Over the course of a session the proportion of Members who spoke was never very high, as Notestein observed.50 During the second half of Elizabeth’s reign between ten and 20 per cent of Members only are known to have uttered anything at all.51 Under the early Stuarts the proportion seems to have been higher, although this may, of course, reflect the survival of more complete source materials. Even so, it was not uncommon for two thirds of Members to say nothing at all. In 1625, for instance, only around 27 per cent of Members are known to have contributed anything to debate.52 Higher levels of participation can be detected in the turbulent sessions of 1614 and 1628, when around 42 and 36 per cent of Members respectively are recorded as having spoken.53 Nevertheless, many of those who addressed the House during these assemblies were hardly habitual speakers. More than a quarter of those who joined in debate in 1614, for instance, spoke only once before the Parliament ended. Members who regularly sat and yet said nothing were not unknown: Sir John Cutts served in seven of the nine parliaments which met between 1604 and 1640 and, so far as can be discerned, never addressed the House. While some Members, such as Sir Dudley Digges, were famous for never being short of something to say,54 others found it possible, through either committee work or backroom manoeuvrings, to make a name for themselves without ever having to deliver speeches. Figures of no less stature than Sir Francis Barrington and Sir Henry Neville (a behind the scenes fixer, if ever there was one) seem barely to have uttered a word during the first Jacobean Parliament.55

From time to time a Member whose personal interests were closely related to the matter under debate might be barred temporarily from sitting, or at least expected to withdraw of his own volition. In June 1604 James Kirton moved that Edward Seymour, Member for Devon and a party to the bill for settling the lands of the late Protector Somerset, who had been executed half a century earlier, should leave the chamber during the debate, ‘which was conceived to be agreeable with former order and precedent in like cases, and so was ordered’. More often than not, however, the Commons was reluctant to instruct interested parties to leave. Three days after Seymour was ordered out, a similar motion directed at any Member who was an accountant or a receiver was resisted, even though the House was then about to debate the 1601 Act making such officers personally liable for the debts of their office. In April 1606 Sir Edward Hoby gallantly offered to withdraw when the Commons turned its attention to the grievances connected with his wool patent, ‘but the House willed him to stay, having lately given that favour to Sir Roger Aston’. When, eventually, Hoby left the chamber it was at his own wish and ‘contrary to expectation’.56

Wherever possible the House drew its definition of interested parties narrowly. Following the order barring Seymour from debate, a motion to extend this instruction to all the servants of the earl of Hertford in the Commons was refused on the grounds that they were ‘no parties themselves’. In March 1624 Barnaby Gooch, the master of Magdalene College, Cambridge and one of the Members for Cambridge University, was permitted to remain in the chamber during the second reading debate on a bill introduced by his own college, despite opposition from Sir Walter Earle, after Sir Humphrey May declared that the order barring interested parties extended only to those whose private estates rather than professional interests were involved. As May correctly pointed out, the Commons had previously allowed the chief officers of the Merchant Adventurers’ Company with seats in the Commons to remain ‘when their charter and the misdemeanours that have been committed by that company have been here questioned’.57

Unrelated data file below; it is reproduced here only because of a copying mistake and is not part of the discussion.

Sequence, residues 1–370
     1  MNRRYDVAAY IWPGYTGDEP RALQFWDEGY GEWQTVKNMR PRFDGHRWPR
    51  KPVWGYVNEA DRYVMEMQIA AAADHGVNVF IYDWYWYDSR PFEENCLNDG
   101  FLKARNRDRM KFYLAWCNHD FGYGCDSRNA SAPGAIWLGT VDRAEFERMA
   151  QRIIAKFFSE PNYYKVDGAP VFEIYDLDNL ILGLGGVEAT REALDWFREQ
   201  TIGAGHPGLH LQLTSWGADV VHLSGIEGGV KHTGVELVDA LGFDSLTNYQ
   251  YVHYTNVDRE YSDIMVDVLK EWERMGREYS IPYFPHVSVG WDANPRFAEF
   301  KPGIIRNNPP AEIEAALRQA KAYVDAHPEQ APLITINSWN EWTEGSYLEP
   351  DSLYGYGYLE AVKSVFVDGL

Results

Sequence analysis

Rules of debate

On the floor of the House Members spoke standing, as this made it easier for them to be heard and identified. When Sir Christopher Pigott tried to address the House from his seat in February 1607 he was urged, ‘for order sake’, to stand up.58 In committee, by contrast, Members were entitled to remain seated when speaking. While committees remained small this caused little difficulty, but in larger gatherings this could create problems. As an angry exchange between Sir Edward Hoby and Sir Walter Ralegh in November 1601 demonstrates, it could be hard to hear a Member who remained seated in such meetings.59

Those who addressed the House were required to remove their hats; only in committee were they sometimes allowed to remain remained covered.60 When two Members rose to speak at roughly the same time, the second man to rise up was expected to resume his seat for, as Sir James Whitelocke commented ruefully in April 1614, ‘here not ancientness respected, but first standing up’.61 Where it was unclear which man had risen first, one might offer to give way, as Secretary Calvert did to Edward Alford in February 1621.62 More often than not, however, it was necessary for a third party to intervene. In 1621 Alford, agreeing with precedents dating from 1604, maintained that it was the duty of the House to decide who should speak first in such cases. In the event it was decided that this task properly belonged to the Speaker, a view promoted by Sir George More and shared by the procedural expert William Hakewill.63 The Speaker was required to take this duty seriously. When, on being required to decide which of two men should speak first, Speaker Richardson flippantly suggested that ‘the wisest would sit down first’, William Noye demanded that he be punished.64 Any man who refused to yield after it had been decided that another should speak was to be called to the bar.65